Sep 1 ’03

Are You Reorganizing Your VSAM Files Too Often?

by Editor in z/Journal

After reviewing VSAM usage for many years, one of the biggest unrecognized problems I’ve seen was (and still is) directly related to batch window processing and online performance. In fact, the issue is large enough that several vendors have created VSAM add-on enhancement products, but unfortunately, they may actually make this situation worse. What is this horrible problem, you ask? The Swami, knowing the answer even before you asked it, wrote this article to give you the answer!


More than 30 years ago, when we needed files indexed by a key, we fought with ISAM. ISAM had a relatively short life — from the early 1960s to the early 1970s — by which time it had been almost completely replaced by VSAM. One of the main problems with ISAM was how it handled inserted records — they were kept, unblocked, in chains in an “overflow area” at the end of the file. Adding only a few records to a file could produce very long service times for additional inserts and when processing records that had previously been inserted.

Late in ISAM’s life, “Cylinder Overflow Areas” were introduced, where you could reserve one or more tracks at the end of each cylinder, so that the chain processing might be shortened. The “Independent Overflow Area” at the end of the file was still available for use when the Cylinder Overflow Area was exhausted. Even with this enhancement, the inserted records were kept unblocked and in a chain in the  overflow area(s), significantly impacting performance.

In those ISAM days, it was not uncommon to build a file with direct insert activity, and to pause after a few hundred inserts to reorganize the file in order to improve its performance. Some of the things we used to do with ISAM may have carried over into our ideas about VSAM, even though they are not generally applicable in the VSAM environment. Similarly, VSAM enhancement product features that will automatically reorganize your file for you based on VSAM insert and split activity should be monitored because in many cases, these reorganizations may not be helpful.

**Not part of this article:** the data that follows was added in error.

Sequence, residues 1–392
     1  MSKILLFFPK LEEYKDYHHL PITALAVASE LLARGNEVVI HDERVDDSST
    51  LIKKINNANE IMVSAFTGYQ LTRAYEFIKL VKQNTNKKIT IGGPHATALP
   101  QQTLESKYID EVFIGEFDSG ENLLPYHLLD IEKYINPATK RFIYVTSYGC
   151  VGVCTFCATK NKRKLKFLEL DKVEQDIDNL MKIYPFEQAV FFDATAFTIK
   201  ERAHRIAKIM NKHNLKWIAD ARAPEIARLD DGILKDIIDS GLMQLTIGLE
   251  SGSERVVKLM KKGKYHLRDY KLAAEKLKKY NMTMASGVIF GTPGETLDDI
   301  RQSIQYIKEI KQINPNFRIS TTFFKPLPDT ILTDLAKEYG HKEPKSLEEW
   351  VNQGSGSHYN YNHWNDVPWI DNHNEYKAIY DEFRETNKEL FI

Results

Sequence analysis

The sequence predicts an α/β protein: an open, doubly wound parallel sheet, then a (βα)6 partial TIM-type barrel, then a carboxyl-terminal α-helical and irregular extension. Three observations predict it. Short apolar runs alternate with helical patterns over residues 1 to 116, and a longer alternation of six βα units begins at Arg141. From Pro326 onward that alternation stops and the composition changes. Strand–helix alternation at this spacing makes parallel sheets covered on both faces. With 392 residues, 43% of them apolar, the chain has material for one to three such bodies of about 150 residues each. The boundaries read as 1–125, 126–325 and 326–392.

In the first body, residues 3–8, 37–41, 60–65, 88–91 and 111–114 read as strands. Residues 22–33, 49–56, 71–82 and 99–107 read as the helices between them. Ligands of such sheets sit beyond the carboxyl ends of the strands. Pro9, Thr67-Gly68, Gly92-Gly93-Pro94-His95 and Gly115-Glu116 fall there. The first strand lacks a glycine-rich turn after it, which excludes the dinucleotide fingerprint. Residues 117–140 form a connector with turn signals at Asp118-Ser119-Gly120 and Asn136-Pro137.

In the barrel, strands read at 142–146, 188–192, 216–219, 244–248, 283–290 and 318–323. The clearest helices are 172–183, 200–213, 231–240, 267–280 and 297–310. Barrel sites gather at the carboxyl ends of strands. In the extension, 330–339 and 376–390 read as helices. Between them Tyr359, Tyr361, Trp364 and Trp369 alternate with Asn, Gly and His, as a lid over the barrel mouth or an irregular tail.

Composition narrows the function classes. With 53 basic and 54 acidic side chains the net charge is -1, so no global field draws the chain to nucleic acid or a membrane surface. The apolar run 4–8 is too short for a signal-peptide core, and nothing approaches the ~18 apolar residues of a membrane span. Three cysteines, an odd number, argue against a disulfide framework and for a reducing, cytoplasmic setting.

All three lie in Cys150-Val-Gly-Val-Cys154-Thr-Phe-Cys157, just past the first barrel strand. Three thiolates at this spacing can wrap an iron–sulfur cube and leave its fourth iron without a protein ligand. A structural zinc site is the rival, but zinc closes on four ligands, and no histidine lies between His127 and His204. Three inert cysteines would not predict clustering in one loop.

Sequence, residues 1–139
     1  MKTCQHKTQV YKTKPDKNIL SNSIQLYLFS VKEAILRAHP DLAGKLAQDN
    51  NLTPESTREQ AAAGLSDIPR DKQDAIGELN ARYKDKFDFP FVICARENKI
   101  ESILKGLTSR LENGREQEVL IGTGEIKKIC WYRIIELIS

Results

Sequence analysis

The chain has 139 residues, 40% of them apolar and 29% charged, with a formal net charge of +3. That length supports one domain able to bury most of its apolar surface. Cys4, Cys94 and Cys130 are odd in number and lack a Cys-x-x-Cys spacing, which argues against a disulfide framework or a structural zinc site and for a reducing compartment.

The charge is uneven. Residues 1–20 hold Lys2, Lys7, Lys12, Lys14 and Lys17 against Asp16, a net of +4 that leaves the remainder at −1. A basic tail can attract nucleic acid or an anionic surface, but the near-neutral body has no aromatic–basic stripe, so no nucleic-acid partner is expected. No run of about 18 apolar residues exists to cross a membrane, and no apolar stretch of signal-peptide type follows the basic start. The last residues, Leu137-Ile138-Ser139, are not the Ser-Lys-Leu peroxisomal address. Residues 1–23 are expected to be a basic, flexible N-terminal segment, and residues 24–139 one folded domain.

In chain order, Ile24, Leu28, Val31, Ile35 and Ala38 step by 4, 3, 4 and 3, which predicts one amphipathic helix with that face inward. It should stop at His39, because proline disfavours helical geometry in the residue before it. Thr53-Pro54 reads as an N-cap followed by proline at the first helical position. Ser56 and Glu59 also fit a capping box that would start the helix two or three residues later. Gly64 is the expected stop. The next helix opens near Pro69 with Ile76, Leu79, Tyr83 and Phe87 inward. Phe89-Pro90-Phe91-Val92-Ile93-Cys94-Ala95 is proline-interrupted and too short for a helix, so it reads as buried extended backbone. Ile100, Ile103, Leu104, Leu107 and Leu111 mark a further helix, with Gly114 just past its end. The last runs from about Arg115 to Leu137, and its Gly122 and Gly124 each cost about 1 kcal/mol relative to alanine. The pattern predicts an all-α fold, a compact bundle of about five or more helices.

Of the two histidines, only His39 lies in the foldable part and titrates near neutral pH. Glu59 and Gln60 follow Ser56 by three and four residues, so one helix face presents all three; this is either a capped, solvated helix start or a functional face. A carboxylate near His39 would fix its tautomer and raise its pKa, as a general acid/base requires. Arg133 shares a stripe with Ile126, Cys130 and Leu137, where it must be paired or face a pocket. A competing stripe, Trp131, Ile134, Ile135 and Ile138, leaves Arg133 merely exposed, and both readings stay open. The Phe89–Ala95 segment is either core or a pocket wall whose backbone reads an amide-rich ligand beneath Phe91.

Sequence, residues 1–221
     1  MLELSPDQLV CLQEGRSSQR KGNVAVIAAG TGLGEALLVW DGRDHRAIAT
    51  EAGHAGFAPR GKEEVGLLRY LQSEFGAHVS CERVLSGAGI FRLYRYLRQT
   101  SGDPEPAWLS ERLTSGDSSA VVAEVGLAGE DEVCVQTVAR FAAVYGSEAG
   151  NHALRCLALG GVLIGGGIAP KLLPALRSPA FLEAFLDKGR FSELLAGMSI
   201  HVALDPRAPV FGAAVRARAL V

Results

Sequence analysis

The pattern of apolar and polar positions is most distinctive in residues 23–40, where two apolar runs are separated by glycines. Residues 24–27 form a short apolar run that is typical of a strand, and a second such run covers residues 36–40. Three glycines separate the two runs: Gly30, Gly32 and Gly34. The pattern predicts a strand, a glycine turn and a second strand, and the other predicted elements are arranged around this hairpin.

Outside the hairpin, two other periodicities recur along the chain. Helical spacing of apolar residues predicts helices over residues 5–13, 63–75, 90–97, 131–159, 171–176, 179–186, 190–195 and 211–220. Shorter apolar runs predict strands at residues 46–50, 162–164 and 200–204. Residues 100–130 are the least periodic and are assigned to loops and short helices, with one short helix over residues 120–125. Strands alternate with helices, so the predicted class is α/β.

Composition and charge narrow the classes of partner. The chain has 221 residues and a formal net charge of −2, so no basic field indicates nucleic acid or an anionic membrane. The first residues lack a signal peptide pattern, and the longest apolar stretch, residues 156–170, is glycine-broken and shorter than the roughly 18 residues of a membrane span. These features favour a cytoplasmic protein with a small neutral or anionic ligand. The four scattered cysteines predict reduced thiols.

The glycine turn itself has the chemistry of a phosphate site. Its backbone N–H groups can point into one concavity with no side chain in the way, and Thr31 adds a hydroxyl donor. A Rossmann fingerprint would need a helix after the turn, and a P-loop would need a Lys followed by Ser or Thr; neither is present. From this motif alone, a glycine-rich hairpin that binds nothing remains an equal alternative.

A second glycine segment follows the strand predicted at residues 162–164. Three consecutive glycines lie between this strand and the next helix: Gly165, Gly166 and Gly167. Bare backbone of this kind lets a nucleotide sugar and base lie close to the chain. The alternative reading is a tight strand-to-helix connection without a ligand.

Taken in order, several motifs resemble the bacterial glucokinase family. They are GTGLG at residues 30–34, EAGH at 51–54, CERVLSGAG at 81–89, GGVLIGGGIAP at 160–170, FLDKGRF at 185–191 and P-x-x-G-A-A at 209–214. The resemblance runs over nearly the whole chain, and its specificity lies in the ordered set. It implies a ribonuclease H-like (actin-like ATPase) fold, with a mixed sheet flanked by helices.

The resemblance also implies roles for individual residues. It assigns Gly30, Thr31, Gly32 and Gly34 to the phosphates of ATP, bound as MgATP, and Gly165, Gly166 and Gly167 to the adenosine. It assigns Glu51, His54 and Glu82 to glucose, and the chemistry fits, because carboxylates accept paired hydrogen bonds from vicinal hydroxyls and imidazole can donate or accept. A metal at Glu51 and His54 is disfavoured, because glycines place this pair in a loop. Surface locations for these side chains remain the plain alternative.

For the past 30 years, VSAM has provided a better way — actually several better ways. When defining a file (cluster in VSAM terminology), you can specify that some percentage of each Control Interval (CI) can be reserved as free space, and some percentage of the CIs in each Control Area (CA) can also be kept free. In the case of files with heavily clustered inserts, these techniques are not very effective, and another VSAM technique — splitting CIs and CAs to create additional free space precisely where needed — can be very useful. Often, we counter the benefits from splits by reorganizing our files more often than we should.



VSAM always keeps records within DASD blocks (or groups of blocks), called CIs, and if the record size permits, many records can be contained in a CI. It doesn’t matter if the records are all the same length or are variable length. If there is more than one record contained in a CI, the records in that CI will be kept in ascending sequence by their key values.

Figure 1 shows that VSAM has plenty of free space in this CI to permit the insertion of another logical record of the length illustrated. As long as there is sufficient free space to handle the size of the logical record being inserted, it will simply be inserted into the CI in order, and the amount of free space remaining will be reduced accordingly.

If, however, there is insufficient free space within the CI to hold the record being inserted, VSAM’s insert processing must create more free space. This process is called a Control Interval Split (CI Split). VSAM’s insertion strategy always attempts to do the following:

A CI Split is pretty inexpensive, as far as computer processing goes. VSAM performs the following steps to create more free space:

  1. Writes the CI being split with a split-in-progress indicator set in the CIDF field
  2. Moves (about) half of the records to a new CI buffer in storage
  3. Writes the new CI from that buffer
  4. Removes the records that were moved from the old CI buffer in storage
  5. Updates the Sequence Set (low-level) Index record to reflect the new CI and key changes
  6. Writes the old CI (without the moved records), resetting the split-in-progress indicator.

As you can see, this process required only four I/O operations to complete — the remainder of the processing was all in-storage activity.


There is little additional processing time involved in processing data after the CI Split has been completed. Two CIs now contain the records formerly contained in one, plus the new inserted record. There will be no additional I/O activity to process the records in either of the CIs when direct processing is being done, as is typical of CICS and other online activity. Batch jobs will have to read an additional CI when processing sequentially, but that is a small expenditure, and if tuned well, will likely require little or no more elapsed and I/O time given modern, cached DASD subsystems.


As you can see, when free space needed to handle the insertion of a new record was unavailable, VSAM’s insertion strategy caused additional free space to be created right where it was needed.

It is common (but not certain) that additional records will also be inserted in the same vicinity. This clustering of insert activity arises from the file and key designs in many cases, and from the natural processing flow in applications:

Split processing, then, is beneficial. Suppose we reorganize the file and restore all free space to the initial load configuration — what happens then? All the extra free space that we created through the CI Split process is removed, and future record insertions may have to re-create the free space over a period of time. Note that extending the length of a record is logically the same as adding a new record in this case.